As we left Denali National Park we turned north again headed for Fairbanks. The Parks Highway parallels the Nenana River for about 80 miles, and this area is a favorite River Rafting area. (This is the third post of our trip from Anchorage to Tok via Denali and Fairbanks. If you missed the previous two posts, here are the links: Part one to Denali State Park; Part two to Denali National Park)
The Alaska Mountain Range starts to wind down, turning into hills, and eventually north of the range is the Tanana Valley. We had hoped to camp along the road in a rest area before Fairbanks, but there was no Internet signal…so on to Fairbanks we went. Stayed at a Fred Meyer parking lot, which was loud due to traffic along the road running along the parking lot, and Marcia was in much pain due to getting back in the motorhome at Denali National Park. So in the morning I did the shopping for what we needed at Fred Meyer, and off to Tok we went. There was no reason to hang around Fairbanks if we were not going to visit anything since the best medicine for Marcia’s shoulder was rest…and I knew in Tok we could relax, and position ourselves for the eventual drive to Haines, which requires re-entering Canada, going over the awful stretch of road under construction, and then re-entering Alaska coming into Haines.
Not even being able to hold up the camera, I go pictures of Santa and Santa’s House at the North Pole as we drove by…
About half way to Delta Junction there is a nice rest area next to a small lake. There are signs that say you cannot camp here…but we knew where we were headed to in Tok to get some needed rest. Skruffy has always liked to bark at other dogs…and since her recent recovery from “near death”, she has turned into a barking fanatic again. Marcia was able to get the shot of her on my lap barking since it did not require her to lift her arm very high…unlike turning, facing the side window, and hanging the camera out the window.
As we go closer to Delta Junction I was glad to see that the bridge carrying the Alaska Oil Pipeline across the Delta River, near the point where the Delta River and Tanana River converge, was on my side of the motorhome so that Marcia did not have to hang the camera out her window. This is the best view of the pipeline that we had seen.
Delta Junction is the official end of the Alaska Highway. On December 7, 1941 the Japanese attacked America at Pearl Harbor, Hawaii. In late winter of 1942 the Alaska Highway started to be built, with a group starting here at Delta Junction, which is as far as the road from Fairbanks went, and another group starting in Dawson Creek. The met at Soldier Summit at Klune Lake in the Yukon in November of 1942. So in less than a year, America was attacked, and the Alaska Road was built … covering 1,422 miles. Of course it was a crude road, but it did allow for supplies to run to the military bases along the way, and all the way up to Fairbanks.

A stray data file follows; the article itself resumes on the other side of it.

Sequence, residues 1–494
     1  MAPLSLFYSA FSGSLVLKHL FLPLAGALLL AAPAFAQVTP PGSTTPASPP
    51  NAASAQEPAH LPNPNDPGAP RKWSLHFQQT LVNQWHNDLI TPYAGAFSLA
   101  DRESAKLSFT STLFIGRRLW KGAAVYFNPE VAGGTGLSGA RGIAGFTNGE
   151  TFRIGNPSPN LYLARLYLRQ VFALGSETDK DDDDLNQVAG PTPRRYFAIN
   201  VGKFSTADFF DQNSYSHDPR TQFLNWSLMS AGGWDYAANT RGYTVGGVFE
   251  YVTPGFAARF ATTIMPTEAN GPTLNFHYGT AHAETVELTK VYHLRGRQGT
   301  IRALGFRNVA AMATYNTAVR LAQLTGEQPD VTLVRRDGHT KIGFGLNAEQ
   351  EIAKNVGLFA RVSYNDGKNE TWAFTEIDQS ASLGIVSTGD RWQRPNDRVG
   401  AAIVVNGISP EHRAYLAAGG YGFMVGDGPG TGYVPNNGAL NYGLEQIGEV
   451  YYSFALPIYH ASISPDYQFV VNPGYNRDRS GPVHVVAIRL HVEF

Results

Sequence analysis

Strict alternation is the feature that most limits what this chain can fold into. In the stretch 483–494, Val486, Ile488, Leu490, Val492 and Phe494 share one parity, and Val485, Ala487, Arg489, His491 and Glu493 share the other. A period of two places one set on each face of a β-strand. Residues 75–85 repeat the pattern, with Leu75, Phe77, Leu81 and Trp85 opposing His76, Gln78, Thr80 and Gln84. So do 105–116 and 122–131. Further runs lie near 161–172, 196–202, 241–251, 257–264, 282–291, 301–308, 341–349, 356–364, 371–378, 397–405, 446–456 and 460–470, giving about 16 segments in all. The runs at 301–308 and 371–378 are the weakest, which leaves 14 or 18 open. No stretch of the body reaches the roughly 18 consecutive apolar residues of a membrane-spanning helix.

At the “end of the Alaska Highway” monument they also had this small section of the oil pipeline (left) and the “pig” that goes through the pipeline (right). The “pigs” are used to clean the pipeline, to monitor the pipeline, and to test the pipeline. There are a variety of types of “pigs”, which when first used in pipeline, actually resembled a pig…but now days it looks more like a bullet to me.
Could not resist taking this picture which shows the pipeline in relation to a person, and way up in the air is a Boeing C-17 Globemaster III which was flying circles around the area in what appeared to me as doing practice landings or practice cargo dumps…but we could not see it when it got read low due to the surrounding trees.
And for those of you who think that Alaskan’s, and Alaska visitors, exaggerate when they tell you just how big the mosquitoes are in Alaska, here is the photographic evidence of it!
In many parts of Alaska where the soil is “muskeg” type, also known as “boggy” or “bogland”, the trees are short, thin, and scruffy looking. These trees are the Black Spruce, and despite their looks, they are healthy trees which are ideal to grow in this type of climate and soil. Nearly half of Alaska has Tundra, which is unable to support a large forest. The Black Spruce is on soil which probably was one Tundra, but now is capable of growing trees…especially Black Spruce trees.
We left Soldotna a week ago, spent just enough time in Anchorage/Wasilla area to get the oil changed, enjoyed a good couple of views of Mt. Denali, visited Denali National Park, spent a night in Fairbanks, and have been in Tok for three nights now with one more night to go. Marcia’s arm is just about back to how it was before re-hurting it at Denali National Park. Today we are going to attempt to go to Fast Eddy’s for a late lunch, and hopefully get Marcia in and out without further hurting her healing shoulder. Tomorrow we plan to drive 150+ miles to just before the road construction in Canada. Then on Sunday we will get up early and hopefully cruise through the road construction at a nice, slow steady pace…ending up in Haines Junction where we will stay a night…then on to Haines where we hope to enjoy a week or so along the inlet and among the surrounding mountains.